Reactions to the militant group have ranged from outright opposition to sometimes reluctant cooperation with many other rebels recognizing Nusra, or JFS, as one of the most potent and experienced fighting forces in the country.
JFS began its assault on Tuesday, primarily targeting a base belonging to Jaish al-Mujahideen, a Free Syrian Army group which has previously received CIA support. Clashes then spread to numerous other sites in Syria, including opposition strongholds such as Maraat al-Numan, Kafranbel, Saraqeb and Ariha.
Clashes broke out last week between JFS and their erstwhile allies Ahrar al-Sham and other rebel groups and, unlike previous disputes, appear to have escalated. On Thursday, Ahrar al-Sham, one of the larger forces in the region, said six groups were involved in the fighting.
On Tuesday, Ahrar al-Sham released a statement criticising JFS for their attacks on other groups “without any justification or legitimate reason” and said it would help their “enemies” in isolating JFS from the other rebel groups.
“We will join our brothers in the rest of the factions … to prevent JFS (or others) columns to go and attack Muslims and harass them and wrongfully take their blood and money,” read the statement.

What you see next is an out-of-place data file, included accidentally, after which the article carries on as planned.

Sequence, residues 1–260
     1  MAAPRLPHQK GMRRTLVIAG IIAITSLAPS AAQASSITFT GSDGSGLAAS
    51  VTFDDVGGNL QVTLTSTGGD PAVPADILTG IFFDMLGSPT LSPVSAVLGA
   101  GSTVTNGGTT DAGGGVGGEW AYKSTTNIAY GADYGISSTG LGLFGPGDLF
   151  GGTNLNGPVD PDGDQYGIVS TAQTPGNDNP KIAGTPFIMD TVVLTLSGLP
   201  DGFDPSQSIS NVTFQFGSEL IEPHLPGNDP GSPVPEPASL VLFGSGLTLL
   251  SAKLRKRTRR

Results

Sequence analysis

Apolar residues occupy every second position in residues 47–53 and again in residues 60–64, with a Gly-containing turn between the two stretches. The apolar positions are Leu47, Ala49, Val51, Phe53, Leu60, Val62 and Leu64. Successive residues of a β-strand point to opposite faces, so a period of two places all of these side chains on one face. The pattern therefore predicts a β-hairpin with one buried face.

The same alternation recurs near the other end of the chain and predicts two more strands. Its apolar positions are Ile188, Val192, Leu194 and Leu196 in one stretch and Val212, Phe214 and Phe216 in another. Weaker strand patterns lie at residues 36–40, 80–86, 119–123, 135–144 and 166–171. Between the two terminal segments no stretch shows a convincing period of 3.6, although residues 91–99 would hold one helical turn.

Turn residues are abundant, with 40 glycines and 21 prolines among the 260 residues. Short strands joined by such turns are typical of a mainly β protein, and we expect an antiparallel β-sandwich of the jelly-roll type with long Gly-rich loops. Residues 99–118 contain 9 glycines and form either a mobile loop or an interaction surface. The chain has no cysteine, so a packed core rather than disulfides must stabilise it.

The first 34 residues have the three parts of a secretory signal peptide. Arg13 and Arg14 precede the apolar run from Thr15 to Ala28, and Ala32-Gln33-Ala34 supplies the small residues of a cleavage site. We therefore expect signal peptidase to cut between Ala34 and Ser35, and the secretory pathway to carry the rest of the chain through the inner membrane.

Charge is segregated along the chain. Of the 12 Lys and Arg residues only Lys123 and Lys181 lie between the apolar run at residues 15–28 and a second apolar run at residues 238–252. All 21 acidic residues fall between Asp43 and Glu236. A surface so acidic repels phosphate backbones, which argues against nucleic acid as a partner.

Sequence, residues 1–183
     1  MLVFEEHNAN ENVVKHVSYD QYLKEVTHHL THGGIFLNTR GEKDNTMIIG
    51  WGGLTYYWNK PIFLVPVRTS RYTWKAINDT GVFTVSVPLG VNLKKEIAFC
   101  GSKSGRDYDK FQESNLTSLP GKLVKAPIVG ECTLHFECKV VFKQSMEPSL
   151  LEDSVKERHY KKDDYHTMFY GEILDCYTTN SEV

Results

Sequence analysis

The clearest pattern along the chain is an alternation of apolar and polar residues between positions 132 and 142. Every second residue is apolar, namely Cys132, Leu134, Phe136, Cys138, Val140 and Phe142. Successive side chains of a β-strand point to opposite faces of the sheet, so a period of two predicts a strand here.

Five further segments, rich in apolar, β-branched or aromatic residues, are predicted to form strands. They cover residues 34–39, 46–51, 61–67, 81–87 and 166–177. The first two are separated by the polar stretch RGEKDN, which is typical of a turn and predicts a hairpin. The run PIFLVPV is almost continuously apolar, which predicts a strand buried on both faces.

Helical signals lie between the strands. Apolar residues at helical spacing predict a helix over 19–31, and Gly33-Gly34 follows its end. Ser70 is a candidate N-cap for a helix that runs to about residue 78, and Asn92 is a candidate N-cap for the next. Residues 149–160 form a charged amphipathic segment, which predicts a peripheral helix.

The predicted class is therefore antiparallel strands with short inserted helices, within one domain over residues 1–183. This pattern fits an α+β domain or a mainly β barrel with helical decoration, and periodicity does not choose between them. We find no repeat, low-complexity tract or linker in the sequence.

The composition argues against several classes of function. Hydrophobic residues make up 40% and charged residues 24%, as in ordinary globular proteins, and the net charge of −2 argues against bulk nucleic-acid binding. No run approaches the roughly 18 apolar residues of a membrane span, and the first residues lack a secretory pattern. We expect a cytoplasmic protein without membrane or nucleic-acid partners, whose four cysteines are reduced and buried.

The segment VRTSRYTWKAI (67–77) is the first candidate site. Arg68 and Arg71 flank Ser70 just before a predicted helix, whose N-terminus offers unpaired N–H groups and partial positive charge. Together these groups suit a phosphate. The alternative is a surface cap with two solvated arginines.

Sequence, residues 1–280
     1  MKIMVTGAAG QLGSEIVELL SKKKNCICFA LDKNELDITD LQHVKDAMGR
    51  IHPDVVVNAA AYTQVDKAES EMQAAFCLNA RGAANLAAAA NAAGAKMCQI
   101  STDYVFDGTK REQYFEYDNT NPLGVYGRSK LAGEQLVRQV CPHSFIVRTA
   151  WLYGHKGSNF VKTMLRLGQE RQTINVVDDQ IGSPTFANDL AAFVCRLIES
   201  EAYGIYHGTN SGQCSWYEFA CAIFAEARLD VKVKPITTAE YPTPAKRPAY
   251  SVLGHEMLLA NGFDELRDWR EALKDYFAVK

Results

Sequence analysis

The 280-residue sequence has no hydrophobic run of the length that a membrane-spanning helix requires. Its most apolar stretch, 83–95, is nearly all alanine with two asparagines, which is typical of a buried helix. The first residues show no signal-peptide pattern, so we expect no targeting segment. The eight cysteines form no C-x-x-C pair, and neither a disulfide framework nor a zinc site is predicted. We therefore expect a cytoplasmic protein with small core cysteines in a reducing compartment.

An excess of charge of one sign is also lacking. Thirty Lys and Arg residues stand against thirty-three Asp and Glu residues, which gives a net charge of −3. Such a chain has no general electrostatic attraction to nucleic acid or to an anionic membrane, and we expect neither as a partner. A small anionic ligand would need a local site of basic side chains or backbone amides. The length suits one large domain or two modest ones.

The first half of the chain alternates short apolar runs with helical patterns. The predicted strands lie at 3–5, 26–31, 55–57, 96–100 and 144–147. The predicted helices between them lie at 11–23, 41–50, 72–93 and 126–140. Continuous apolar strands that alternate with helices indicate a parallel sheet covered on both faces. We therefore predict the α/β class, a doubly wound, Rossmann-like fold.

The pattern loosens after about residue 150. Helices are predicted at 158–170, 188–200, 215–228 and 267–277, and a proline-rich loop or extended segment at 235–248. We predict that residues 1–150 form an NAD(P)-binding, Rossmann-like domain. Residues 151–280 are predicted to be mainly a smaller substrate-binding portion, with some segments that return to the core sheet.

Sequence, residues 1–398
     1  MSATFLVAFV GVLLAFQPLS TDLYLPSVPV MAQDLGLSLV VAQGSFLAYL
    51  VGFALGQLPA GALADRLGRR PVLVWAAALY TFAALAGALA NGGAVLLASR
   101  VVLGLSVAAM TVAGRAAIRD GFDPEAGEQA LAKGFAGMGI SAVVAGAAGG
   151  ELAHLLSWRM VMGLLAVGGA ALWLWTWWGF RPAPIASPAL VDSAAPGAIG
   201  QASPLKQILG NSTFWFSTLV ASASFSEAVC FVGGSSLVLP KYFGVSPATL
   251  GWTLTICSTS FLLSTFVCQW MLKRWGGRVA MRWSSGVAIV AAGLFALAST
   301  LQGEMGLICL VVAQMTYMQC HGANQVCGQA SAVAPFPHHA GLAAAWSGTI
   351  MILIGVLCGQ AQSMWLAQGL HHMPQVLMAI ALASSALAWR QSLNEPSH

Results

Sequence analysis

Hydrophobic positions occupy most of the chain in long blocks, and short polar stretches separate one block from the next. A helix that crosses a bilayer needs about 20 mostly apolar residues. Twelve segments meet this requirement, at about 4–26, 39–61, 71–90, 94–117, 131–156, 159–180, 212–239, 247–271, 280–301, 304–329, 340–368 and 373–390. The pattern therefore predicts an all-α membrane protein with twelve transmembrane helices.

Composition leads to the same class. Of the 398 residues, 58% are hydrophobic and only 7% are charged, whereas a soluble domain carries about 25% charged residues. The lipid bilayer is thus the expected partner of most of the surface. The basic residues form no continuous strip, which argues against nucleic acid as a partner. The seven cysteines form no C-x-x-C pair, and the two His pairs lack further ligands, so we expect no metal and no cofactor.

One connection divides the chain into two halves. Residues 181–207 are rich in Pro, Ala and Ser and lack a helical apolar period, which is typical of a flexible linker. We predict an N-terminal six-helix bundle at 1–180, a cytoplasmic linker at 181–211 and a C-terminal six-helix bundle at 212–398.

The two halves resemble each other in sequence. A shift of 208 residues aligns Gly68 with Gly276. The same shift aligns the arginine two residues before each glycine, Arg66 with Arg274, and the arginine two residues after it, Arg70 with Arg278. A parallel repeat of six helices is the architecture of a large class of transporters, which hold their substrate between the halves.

Though the statement appeared largely defensive, Syria analyst Charles Lister said on Twitter that Ahrar al-Sham were threatening a “full declaration of war.”
Labib al-Nahhas, a media representative for the group, later warned JFS on Twitter that it “either completely joins the revolution or it is a new Islamic State.”
In turn, JFS released a statement accusing other rebels of involvement in “conspiracies” and being backed by “foreign projects.”
“We attempted to make a coalition, with the open hearts of friendship … even though writers and fatwas said it would be ‘suicide’ to form a coalition with us,” read the statement, released on Tuesday.
“After the coalition failed, bombing by the international coalition began, and we were targeted in several locations. Leaders were also targeted. The message from this is clear: We were first sidelined, and then targeted, while other rebel groups were building close relations with the U.S.
“We call for the establishment of a single, united Sunni force, both political and military … We stress the importance of working fast and cooperatively to achieve this goal.”